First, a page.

Introduction to Intellectual Property

As my initial entry to this blog, I would like to provide a high-level overview of U.S. Intellectual Property ("IP”) law. This overview will provide background information on the various areas of IP. Future entries will consider how the various aspects of IP effect and are affected by HIPAA/HITECH and the electronic patient record initiatives. The basic components of IP include: patents, copyrights, trademarks and trade secrets.


A patent is essentially a grant from the federal government conveying to the owner the exclusive right to prevent others from making, using, offering for sale, selling or importing the patented invention. It grants these monopolistic powers for a limited period in exchange for full and complete disclosure of invention to the public.

Note that a patent does not convey an absolute right to practice the invention. For example, a patent on an improvement to a product does not invalidate any existing patent on the underlying product, which may be owned by a different inventor. Thus, hypothetically, an inventor holding a patent on a five-legged chair could still infringe a patent to a four-legged chair held by another inventor.

In order to be patentable, the subject matter must be new, useful and non-obvious. U.S. patent law provides certain “statutory classes” of patentable subject matter. These include: processes/methods, machines, articles of manufacture, compositions, and certain business models (a.k.a., “business methods”).

Examples of patentable subject matter in the healthcare, pharmaceutical and biotechnology arenas include: compounds, intermediates, compositions and methods of making these, diagnostic kits, methods for isolation/purification of compounds, methods for analysis, methods for treatment/use, screening methods, improvements to known compositions, improvements to known methods, combinations of active ingredients, microorganisms. cell lines, cellular compositions, viral isolates, vectors or cloning/expression vectors and DNA/RNA promoters, synthetic oligonucleotides, signal sequences, expressed sequence tags (ESTs), proteins, monoclonal antibodies/hybridomas, isolated antigens/vaccine compositions, methods for isolation/purification of biological materials, methods for cloning/protein production, methods for diagnosis, methods for treatment/use, screening methods, and transgenic animals/plants.

Patentability of “business methods” may also be of significant issue in this blog as the era of HIPAA/HITECH and electronic patient records unfolds, and as computer user interfaces, processing software, database structures and other aspects of electronic patient record generation, processing, storage and retrieval are developed.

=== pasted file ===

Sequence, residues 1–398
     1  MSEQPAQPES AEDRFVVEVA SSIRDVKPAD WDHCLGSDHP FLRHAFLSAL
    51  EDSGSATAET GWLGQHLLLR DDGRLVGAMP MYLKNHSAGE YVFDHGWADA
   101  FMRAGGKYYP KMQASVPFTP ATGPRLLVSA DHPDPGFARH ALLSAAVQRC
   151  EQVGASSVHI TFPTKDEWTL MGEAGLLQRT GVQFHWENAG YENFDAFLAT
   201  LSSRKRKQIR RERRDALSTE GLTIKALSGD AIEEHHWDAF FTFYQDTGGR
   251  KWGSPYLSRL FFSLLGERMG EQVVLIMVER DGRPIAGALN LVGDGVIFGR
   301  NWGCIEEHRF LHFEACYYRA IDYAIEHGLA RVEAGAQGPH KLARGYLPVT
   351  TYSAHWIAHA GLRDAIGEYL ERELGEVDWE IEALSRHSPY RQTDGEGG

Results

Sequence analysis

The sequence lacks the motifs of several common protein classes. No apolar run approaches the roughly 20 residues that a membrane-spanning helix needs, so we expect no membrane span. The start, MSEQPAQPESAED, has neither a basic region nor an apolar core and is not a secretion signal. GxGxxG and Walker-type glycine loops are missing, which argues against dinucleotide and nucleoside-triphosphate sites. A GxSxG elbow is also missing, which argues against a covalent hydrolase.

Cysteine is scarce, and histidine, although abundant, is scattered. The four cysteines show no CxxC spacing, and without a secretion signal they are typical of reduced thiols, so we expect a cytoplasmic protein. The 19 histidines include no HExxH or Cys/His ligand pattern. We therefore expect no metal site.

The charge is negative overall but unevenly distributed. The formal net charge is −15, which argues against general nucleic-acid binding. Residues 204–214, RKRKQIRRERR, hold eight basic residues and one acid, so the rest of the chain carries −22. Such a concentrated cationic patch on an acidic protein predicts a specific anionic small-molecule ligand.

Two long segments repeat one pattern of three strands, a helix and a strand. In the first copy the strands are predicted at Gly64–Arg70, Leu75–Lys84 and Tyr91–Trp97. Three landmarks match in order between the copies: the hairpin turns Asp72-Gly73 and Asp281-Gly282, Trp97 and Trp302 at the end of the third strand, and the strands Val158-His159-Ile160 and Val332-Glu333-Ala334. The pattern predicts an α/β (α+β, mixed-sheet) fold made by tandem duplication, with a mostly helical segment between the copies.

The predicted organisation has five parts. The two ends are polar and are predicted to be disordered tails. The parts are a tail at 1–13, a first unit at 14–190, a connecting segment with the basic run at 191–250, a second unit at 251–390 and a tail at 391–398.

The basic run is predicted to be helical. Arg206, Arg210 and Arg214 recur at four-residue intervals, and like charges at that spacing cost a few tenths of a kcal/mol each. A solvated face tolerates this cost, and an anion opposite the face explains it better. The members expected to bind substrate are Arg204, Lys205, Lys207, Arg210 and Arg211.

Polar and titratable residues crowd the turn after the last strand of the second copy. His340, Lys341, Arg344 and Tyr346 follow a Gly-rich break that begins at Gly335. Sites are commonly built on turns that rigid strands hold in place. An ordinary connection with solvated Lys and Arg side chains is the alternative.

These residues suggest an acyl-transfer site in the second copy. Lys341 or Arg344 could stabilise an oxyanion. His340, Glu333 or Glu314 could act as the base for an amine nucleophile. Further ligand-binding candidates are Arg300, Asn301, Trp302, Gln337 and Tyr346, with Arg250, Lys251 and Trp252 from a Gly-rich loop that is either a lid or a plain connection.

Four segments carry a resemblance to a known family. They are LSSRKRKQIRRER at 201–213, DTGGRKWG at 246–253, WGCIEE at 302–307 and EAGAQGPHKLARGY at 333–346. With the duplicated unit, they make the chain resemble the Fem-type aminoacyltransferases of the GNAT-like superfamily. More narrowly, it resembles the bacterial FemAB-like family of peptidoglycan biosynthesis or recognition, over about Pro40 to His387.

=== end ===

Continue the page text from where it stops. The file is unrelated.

A trademark is any word, symbol or device used to identify one’s product and distinguish it from the products of others. Trademark rights are available “appurtenant to use” – that is – to be valid, a Federally-registered trademark must be in use in interstate commerce. Also, an active trademark should be policed by its owner, as allowing a trademark to be infringed or diluted by another’s unauthorized use may lead to effective loss of the trademark. 

In the U.S., a person may apply for a Federal trademark registration by filing either an intent-to-use or an actual use trademark application. If an intent-to-use application is filed, a Statement of Use identifying actual use in interstate commerce will need to be filed before the trademark will be registered as active.

U.S. trademark law, particularly with respect to the court cases (i.e., “case law”), is particularly voluminous (i.e., “lots of it”). It would be easy to devote entire blogs to discussions of trademark case law. We’ll defer further discussion here for a future entry.


A copyright is the right that the government gives an author of any original work of expression to  exclude others from copying or commercially using the work of expression without proper authorization. Examples include books, poetry, plays, songs, catalogs, photographs, computer programs, advertisements, labels, movies, maps, drawings, sculpture, prints and art reproductions, game boards and rules, recordings. 

Copyright protection is easy to obtain by filing a form with a sample of the work and a small fee. Authors of copyrighted works should include an appropriate copyright notice on the work. 

Applying for Federal registration of a copyright is required prior to filing a lawsuit for copyright infringement in a U.S. Federal District court.

U.S. copyright may very well operate as a speed bump on the road to HITECH, electronic patient records, and government-run universal healthcare. We will particularly address copyright issues in one or more future blog entries.

Trade Secrets

A trade secret is any information, design, device, process, composition, technique or formula that is not known generally and that affords its owner a competitive business advantage. Reasonable measures to maintain the secret must be made so as to obtain relief against those who wrongfully obtain the information.

These are traditionally the basic components of IP law. Additionally, Internet-related issues are increasingly tied to other IP – such as domain name dispute resolution where the complainant owns a trademark to the domain name. 

My next entry will discuss potential patent issues with respect to HIPAA/HITECH and electronic patient records.